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Brand-name drugs no better than generics

Posted Dec 05 2008 2:39am

WASHINGTON (Reuters) - There is no evidence that brand-name drugs given to treat heart and other cardiovascular conditions work any better than their cheaper generic counterparts, U.S. researchers said on Tuesday.

The findings run counter to the perception by some doctors and patients that pricier brand-name drugs are clinically superior, said Dr.  Aaron Kesselheim of Brigham  and Women's Hospital and Harvard Medical School in Boston, who led the study.

Kesselheim and colleagues combined the results of 30 studies done since 1984 comparing nine  sub-classes of cardiovascular drugs t o generic counterparts.

The brand-name drugs did not offer any advantage for patients' clinical outcomes in those studies, they wrote in the Journal of the American Medical Association.

"Brand-name drugs for cardiovascular disease can be as much as a few dollars a pill, whereas generic drugs  might be as little as a few cents a pill,"  Kesselheim said.

"If a patient is prescribed a generic drug because that's what's appropriate for their condition, then they should feel confident taking that drug. And physicians themselves should also feel confident prescribing  generic drugs  where appropriate," Kesselheim said in a telephone interview.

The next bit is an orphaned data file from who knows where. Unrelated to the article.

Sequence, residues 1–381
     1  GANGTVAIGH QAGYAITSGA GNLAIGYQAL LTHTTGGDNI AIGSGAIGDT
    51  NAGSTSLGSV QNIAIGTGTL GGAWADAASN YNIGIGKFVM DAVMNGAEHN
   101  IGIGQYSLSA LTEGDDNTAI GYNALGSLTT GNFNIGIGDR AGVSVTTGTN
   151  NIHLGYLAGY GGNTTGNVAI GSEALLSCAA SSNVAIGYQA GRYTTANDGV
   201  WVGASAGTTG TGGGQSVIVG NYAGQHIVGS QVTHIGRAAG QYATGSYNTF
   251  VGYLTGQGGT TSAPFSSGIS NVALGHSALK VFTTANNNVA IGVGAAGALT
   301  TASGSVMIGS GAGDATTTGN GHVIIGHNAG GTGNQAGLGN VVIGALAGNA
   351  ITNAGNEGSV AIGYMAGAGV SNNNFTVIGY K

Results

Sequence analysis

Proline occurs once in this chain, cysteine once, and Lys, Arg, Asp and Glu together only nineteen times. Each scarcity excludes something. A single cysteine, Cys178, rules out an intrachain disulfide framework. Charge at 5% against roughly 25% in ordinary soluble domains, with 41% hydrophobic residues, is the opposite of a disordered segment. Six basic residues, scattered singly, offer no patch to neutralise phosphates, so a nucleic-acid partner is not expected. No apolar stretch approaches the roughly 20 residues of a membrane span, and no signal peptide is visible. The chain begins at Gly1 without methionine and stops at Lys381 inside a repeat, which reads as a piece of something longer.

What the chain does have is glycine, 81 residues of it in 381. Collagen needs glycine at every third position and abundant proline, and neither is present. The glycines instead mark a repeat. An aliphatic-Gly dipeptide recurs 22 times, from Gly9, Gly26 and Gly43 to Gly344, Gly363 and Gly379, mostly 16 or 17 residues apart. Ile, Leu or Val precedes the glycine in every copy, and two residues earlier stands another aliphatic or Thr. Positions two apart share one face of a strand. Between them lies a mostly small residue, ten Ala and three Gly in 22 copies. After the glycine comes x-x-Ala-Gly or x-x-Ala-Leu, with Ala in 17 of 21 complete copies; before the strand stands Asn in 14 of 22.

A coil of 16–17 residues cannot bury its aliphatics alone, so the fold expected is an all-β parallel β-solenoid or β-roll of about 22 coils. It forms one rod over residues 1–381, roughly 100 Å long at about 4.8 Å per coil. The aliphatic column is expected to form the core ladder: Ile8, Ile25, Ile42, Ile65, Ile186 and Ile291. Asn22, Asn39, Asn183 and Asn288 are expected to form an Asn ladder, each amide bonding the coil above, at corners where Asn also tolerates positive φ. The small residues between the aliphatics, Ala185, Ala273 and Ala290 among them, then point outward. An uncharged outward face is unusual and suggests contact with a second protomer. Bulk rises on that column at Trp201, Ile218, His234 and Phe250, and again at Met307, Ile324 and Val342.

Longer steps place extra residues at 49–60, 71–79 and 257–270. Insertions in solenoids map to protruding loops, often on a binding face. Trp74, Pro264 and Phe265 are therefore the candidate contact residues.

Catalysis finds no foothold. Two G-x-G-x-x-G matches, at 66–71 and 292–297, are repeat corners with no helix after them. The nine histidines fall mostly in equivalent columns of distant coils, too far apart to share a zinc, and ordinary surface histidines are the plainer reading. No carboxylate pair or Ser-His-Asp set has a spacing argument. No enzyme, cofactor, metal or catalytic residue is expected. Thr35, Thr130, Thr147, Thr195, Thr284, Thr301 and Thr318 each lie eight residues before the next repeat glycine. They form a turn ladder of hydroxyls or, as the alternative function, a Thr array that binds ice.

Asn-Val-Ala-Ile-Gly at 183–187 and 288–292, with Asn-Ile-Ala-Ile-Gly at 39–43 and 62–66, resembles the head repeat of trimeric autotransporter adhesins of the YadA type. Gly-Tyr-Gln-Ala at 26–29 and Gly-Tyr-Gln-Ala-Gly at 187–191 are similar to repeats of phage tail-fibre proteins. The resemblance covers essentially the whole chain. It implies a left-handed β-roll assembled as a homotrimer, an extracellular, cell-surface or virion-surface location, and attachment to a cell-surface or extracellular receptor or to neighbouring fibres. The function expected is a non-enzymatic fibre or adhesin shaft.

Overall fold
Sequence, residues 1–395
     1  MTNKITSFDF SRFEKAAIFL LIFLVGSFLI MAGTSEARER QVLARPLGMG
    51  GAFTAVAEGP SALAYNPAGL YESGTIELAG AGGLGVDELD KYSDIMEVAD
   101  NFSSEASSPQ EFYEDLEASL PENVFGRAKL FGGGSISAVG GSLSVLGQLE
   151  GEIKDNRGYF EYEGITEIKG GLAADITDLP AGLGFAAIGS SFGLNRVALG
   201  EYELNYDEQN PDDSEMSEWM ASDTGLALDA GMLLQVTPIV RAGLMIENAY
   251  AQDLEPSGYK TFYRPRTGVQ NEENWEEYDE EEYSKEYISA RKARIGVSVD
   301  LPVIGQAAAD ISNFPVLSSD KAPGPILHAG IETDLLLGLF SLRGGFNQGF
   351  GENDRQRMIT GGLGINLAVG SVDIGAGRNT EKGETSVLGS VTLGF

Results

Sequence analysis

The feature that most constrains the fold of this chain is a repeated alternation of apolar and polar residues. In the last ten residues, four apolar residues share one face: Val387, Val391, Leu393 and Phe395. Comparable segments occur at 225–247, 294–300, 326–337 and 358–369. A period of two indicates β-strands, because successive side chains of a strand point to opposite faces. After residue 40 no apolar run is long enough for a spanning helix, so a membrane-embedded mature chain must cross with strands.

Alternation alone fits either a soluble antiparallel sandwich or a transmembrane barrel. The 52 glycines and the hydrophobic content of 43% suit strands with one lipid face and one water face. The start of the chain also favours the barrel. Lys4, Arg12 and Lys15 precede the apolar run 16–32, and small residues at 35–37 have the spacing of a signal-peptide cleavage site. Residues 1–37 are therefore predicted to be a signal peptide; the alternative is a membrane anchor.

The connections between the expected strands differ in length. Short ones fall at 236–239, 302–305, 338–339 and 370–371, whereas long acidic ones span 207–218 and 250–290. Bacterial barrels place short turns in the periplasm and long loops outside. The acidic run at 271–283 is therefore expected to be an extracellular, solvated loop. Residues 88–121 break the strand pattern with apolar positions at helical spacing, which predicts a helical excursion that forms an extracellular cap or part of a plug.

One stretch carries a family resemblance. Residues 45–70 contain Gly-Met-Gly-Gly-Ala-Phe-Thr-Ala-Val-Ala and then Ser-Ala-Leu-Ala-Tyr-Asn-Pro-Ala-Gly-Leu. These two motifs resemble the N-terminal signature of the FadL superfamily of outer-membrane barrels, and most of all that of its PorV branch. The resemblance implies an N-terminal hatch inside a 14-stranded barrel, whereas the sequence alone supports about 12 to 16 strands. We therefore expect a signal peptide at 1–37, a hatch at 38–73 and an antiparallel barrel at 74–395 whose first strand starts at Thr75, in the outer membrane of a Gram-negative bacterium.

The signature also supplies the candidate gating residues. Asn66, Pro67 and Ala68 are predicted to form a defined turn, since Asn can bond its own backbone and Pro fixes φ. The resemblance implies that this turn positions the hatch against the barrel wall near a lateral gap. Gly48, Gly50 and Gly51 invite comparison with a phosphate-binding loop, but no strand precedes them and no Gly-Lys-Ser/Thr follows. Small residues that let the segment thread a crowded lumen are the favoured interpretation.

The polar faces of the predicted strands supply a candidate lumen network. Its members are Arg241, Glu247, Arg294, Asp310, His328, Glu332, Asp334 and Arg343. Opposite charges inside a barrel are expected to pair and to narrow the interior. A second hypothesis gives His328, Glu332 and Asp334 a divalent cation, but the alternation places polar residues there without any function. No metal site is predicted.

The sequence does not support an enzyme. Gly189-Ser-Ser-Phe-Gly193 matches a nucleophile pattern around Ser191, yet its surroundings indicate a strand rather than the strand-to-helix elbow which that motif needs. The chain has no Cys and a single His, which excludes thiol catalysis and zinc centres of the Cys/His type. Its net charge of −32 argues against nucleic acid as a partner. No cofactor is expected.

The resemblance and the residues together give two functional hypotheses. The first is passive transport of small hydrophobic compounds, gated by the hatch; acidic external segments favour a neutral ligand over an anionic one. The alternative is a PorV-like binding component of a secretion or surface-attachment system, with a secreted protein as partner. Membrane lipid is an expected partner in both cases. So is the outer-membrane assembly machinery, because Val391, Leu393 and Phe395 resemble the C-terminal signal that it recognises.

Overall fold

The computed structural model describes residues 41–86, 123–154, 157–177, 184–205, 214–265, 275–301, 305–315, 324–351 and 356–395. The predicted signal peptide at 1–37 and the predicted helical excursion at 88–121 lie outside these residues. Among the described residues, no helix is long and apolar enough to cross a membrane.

He said rising costs of brand-name prescription drugs strain the budgets of patients as well as p ublic and private health insurers. Overall U.S. prescription drug sales hit $286.5 billion in 2007.


Pharmaceutical companies retain exclusive rights to drugs they develop for a certain number of years, after which others can sell  generic versions  that are chemically equivalent. The active ingredient is the same, but the color and shape may differ and they may have different inert binders and fillers.

In the United States, the Food and Drug Administration must approve a  generic version  of a drug before it can be sold.

Kesselheim said cardiovascular drugs to treat conditions of the heart and blood vessels are the most commonly prescribed category.

The study covered beta-blockers, diuretics, calcium-channel blockers, statins, antiplatelet agents, ACE inhibitors,  alpha-blockers, anti-arrhythmic agents  and warfarin.

The researchers said brand-name manufacturers have suggested  generic drugs may be less effective and less safe. They also found that many editorials in medical journals questioned whether generic drugs were as good.

Generic medications represent 66 percent of the total prescriptions in the United States, but less than 15 percent of the money spent on  prescription drugs, according to the Generic Pharmaceutical Association industry group.

Kathleen Jaeger, who heads the pharmaceutical group, said the research reconfirms that  FDA-approved generics provide  the same medicine with the same clinical effects at a substantial cost savings

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